(USA TODAY) - With so little good news about obesity in the USA, public health advocates are celebrating a rare victory: a sharp decline in obesity rates among young children.
The problem of childhood obesity has gotten a national platform in recent years, through first lady Michelle Obama's "Let's Move" campaign. Obama has even appeared with Elmo and Big Bird on Sesame Street to talk about nutrition and exercise.
Today, with the release of new obesity numbers, Obama suggests that her preschool audience has taken her advice to heart.
While obesity rates for most Americans haven't changed significantly over the past decade, among kids ages 2 to 5 the obesity rate dropped from 14% in 2003-2004 to just over 8% in 2011-2012, according to a report out Tuesday from the Centers for Disease Control and Prevention. That represents a drop of 43%, CDC said.
"I am thrilled at the progress we've made over the last few years in obesity rates among our youngest Americans," Obama said in a statement. "Healthier habits are beginning to become the new norm."
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Also on Tuesday, Obama announced new rules to ban the marketing of unhealthy foods in schools during the school day. "Our classrooms should be healthier places where kids aren't bombarded with ads for junk food," Obama said in a statement.
Some obesity researchers say the new report offers little reason to celebrate.
According to the CDC report, older children made no progress, with nearly 18% of kids ages 6 to 11 remaining obese, as well as 20.5% of kids ages 12 to 19. In women over age 60, obesity rates climbed from 31% to 35.4% in the same period, the study shows.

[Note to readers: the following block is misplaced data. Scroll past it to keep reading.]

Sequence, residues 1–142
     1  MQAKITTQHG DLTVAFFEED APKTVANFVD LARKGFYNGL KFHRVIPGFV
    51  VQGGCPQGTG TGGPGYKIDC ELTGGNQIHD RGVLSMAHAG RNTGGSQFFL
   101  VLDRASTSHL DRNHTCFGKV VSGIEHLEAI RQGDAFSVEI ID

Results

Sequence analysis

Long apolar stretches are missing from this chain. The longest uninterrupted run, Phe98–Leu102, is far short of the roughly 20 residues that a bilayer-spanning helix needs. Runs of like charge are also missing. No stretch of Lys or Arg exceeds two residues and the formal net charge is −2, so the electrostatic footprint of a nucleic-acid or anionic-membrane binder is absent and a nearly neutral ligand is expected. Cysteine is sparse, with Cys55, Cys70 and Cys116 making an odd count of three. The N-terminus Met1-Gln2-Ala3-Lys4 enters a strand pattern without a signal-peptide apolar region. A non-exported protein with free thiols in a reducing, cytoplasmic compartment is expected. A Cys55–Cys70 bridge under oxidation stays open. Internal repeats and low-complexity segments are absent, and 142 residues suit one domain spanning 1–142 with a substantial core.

Obesity "remains at historic highs," says David Ludwig of Boston Children's Hospital, who has warned that today's kids could be the first generation in history to live shorter, less healthy lives than their parents. He described the declining obesity rates among youngsters only as an "encouraging preliminary finding."
Thomas Robinson, a professor of pediatrics at Stanford University, notes that obesity rates among kids ages 2 to 5 have gone up and down significantly over the past decade. Although the survey included 9,120 people, only 871 were ages 2 to 5 years old. And of those children, only about 70 were obese. So in any given year, a relatively small number of children can have a big impact on obesity rates.
Still, Robinson says he's happy just to see the nation's obesity rate leveling off. And he notes that, if the country were to truly make progress against obesity, it would not be surprising to see those victories in the youngest kids, who have spent the least amount of time exposed to the bad habits behind the country's weight problem.
CDC research has found two dietary changes that could help explain any progress: Americans are consuming fewer sugary drinks and more women are breastfeeding.
"We continue to see signs that, for some children in this country, the scales are tipping," said CDC director Tom Frieden in a statement. "This confirms that at least for kids, we can turn the tide and begin to reverse the obesity epidemic."